'Line of sight' rule eased for drivers, gadgets OK within 'safety zone'

NEW RULES. The revised implementing rules and regulations (IRR) of the Anti-Distracted Driving Act now provides for exemptions so drivers may use navigation applications, but still within a 'safety zone.'

NEW RULES. The revised implementing rules and regulations (IRR) of the Anti-Distracted Driving Act now provides for exemptions so drivers may use navigation applications, but still within a safety zone.

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MANILA, Philippines (UPDATED) – The Department of Transportation (DOTr) released on Wednesday, June 14, the revised implementing rules and regulations (IRR) of the Anti-Distracted Driving Act (ADDA), which had been suspended after causing confusion among motorists and even lawmakers.

The new IRR includes:

DOTr Assistant Secretary for Legal Affairs Leah Quiambao said in a press briefing that the revised IRR will be published in the next few days, and will take effect 15 days after its publication, or by July 2017.

The law will be enforced by the Metropolitan Manila Development Authority (MMDA) in Manila, and the Philippine National Police (PNP) nationwide.

'Line of sight' redefined

The meaning of "line of sight" has been adjusted in the new IRR, a move likely to be welcomed by motorists since this was their main complaint when the ADDA rules were earlier announced.

Previously, the DOTr said any area above the dashboard was off-limits to gadgets. Transport authorities recommended that drivers place gadgets below the dashboard or near the handbrake. Motorists argued then that it would actually be more dangerous for them to look down, away from the windshield, even for just a few seconds.

Now, the new IRR prescribes a "safety zone" that allows gadgets to be placed in the area below, at the same level, or on top of the dashboard, and even on the windshield, as long as the highest point of the device is not higher than 4 inches from the dashboard.

Within this safety zone, drivers may glance at their phones to use navigation applications. If drivers glance at their phones outside this zone, they will be apprehended.

Similar to the previous IRR, phones can also be used hands-free as long as these are still within the safety zone and drivers' eyes remain on the road.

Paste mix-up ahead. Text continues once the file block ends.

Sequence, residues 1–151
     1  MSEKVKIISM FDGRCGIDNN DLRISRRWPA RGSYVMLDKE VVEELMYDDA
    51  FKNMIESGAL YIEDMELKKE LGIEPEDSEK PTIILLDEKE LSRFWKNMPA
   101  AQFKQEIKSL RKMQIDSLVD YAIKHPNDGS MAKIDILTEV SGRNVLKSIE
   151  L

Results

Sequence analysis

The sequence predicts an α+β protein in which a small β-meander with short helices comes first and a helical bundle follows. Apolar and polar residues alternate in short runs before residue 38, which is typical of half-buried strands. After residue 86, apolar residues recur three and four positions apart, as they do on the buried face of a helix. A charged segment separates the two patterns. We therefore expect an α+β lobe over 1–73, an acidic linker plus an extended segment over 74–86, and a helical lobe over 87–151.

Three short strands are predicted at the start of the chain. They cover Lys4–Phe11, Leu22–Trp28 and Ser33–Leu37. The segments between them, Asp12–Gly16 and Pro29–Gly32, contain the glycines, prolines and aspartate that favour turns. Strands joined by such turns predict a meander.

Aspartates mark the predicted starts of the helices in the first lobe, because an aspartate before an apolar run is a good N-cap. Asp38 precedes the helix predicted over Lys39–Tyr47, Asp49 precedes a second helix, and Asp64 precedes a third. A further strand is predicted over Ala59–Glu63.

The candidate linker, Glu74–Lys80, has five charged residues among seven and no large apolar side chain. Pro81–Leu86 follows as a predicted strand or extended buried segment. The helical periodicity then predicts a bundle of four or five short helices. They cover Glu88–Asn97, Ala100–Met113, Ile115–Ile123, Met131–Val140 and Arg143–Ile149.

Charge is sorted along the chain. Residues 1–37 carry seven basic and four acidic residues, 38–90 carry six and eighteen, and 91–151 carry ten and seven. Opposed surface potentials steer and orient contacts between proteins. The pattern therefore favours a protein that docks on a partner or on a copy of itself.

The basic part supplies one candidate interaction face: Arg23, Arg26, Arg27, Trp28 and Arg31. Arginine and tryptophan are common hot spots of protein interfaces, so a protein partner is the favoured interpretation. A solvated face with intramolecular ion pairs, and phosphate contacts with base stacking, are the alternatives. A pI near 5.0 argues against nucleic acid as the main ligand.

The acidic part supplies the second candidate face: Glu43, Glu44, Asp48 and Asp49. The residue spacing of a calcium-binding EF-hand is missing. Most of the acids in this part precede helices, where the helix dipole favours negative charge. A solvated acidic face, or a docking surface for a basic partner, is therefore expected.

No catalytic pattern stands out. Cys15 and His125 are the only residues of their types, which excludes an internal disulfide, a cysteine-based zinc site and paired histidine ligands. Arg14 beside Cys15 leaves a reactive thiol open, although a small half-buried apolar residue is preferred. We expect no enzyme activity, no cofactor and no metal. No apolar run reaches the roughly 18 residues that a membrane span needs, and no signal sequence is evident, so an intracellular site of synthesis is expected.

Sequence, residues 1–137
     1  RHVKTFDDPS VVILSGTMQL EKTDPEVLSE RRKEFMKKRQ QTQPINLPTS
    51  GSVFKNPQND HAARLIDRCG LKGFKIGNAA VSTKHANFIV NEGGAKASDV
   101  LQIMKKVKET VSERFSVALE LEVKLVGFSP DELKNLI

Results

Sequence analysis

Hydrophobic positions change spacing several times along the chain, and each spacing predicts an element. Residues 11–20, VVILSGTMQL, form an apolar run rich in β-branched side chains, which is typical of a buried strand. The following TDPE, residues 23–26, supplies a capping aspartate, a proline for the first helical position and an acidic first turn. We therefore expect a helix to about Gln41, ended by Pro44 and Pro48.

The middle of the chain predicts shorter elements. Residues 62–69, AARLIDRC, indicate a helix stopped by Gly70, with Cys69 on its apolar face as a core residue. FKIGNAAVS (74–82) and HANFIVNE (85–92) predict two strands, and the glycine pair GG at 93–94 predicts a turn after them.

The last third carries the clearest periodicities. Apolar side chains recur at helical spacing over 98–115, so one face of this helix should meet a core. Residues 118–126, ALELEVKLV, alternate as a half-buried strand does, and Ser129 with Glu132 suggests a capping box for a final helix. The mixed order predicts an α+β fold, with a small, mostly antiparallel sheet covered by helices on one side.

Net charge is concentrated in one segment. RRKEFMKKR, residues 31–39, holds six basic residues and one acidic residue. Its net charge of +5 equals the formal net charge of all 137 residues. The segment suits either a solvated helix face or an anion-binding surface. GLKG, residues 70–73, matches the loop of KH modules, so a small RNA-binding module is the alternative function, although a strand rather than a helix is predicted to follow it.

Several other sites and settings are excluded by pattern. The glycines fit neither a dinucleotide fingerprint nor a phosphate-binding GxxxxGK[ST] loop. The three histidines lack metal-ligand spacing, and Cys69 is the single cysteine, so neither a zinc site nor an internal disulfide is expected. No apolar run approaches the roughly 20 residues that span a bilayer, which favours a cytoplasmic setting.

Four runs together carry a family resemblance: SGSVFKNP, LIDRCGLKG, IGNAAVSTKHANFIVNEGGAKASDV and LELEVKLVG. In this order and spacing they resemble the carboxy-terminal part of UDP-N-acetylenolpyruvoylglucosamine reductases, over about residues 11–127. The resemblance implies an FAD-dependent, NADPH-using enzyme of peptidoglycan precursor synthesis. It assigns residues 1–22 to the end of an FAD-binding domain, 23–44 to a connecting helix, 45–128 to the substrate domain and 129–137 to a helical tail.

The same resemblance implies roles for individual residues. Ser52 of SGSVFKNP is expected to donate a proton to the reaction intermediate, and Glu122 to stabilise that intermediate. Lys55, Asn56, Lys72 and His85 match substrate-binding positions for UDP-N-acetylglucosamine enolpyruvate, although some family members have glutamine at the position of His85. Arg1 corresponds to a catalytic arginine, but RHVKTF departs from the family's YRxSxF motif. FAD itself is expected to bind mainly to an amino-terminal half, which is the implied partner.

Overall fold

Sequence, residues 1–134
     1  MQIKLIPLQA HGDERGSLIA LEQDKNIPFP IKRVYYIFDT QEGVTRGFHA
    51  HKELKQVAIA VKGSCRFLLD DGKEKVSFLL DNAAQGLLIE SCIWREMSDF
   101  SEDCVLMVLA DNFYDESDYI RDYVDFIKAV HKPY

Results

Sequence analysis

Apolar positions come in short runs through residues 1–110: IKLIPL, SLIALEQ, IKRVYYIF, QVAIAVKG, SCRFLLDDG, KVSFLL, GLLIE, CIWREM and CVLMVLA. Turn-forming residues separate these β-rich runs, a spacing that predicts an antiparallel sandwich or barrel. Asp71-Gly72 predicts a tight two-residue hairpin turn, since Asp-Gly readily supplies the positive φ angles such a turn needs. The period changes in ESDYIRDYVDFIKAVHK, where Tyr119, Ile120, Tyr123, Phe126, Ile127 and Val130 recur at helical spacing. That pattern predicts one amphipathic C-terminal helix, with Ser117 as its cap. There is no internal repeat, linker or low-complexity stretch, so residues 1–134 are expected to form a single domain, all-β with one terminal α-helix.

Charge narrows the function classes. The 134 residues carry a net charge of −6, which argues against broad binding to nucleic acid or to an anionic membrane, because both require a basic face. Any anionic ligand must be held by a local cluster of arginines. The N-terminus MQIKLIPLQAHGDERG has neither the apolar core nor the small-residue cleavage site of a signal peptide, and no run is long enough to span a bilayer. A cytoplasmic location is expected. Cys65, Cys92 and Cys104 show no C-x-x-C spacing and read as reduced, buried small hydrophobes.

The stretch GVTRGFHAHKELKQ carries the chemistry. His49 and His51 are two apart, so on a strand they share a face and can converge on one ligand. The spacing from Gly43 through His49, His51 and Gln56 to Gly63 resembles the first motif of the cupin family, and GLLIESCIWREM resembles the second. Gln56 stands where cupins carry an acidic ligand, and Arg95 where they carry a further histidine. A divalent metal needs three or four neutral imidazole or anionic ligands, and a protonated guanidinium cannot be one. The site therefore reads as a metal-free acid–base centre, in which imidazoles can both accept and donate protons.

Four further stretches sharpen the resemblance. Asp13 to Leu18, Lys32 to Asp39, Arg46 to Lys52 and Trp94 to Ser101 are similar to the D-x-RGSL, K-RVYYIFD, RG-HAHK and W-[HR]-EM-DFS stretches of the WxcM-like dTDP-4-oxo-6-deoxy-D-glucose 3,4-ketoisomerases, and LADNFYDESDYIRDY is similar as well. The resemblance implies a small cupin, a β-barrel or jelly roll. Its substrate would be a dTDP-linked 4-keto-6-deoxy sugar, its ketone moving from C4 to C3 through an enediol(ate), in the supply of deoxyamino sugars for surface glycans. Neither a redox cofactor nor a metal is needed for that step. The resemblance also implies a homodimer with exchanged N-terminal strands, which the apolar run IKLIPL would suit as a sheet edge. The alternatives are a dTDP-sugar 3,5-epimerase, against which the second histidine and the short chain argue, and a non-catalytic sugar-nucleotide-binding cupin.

Motorists can put their phones on loudspeaker mode or use earphones to take calls.

Exemptions, limitations

The exemptions previously announced will also stay – drivers can use their phones for emergency situations, reporting natural disasters or crime, or when seeking medical help. They do not need to pull over first if they have to use their phone in case of emergency.

Asked about distractions coming from sources other than gadgets, Quiambao acknowledged the ADDA is "limited" in scope, and was crafted to respond only to distractions caused by mobile phones, tablets, laptops, and gaming devices.

This means rosaries and toys placed on dashboards of vehicles, as well as built-in televisions, are not covered by the law.

Dashcams are also not covered. Drivers, however, are encouraged to place the device at the back of the rearview mirror.

Jeepney drivers may also turn to their riders at the back of their vehicles when accepting payment and giving change.

Quiambao emphasized that they cannot make rules beyond the scope of the law, which was what they had been criticized for in the first place. She said the DOTr tried its best to produce the new IRR upon consultation with affected sectors, such as drivers of public utility vehicles, Grab and Uber drivers, and private vehicle owners.

Quiambao said the DOTr plans to launch television and radio announcements to disseminate the new rules. It is coordinating with the Department of the Interior and Local Government for a nationwide information campaign.

Read the full document here: 

Revised Implementing Rules and Regulations of the Anti-Distracted Driving Act by Ram Talabong on Scribd

– Rappler.com

 

Rambo Talabong

Rambo Talabong covers security, crime, and the city of Manila for Rappler. He was chosen as a Jaime V. Ongpin Fellow in 2019 for his reporting on President Rodrigo Duterte’s war on drugs.

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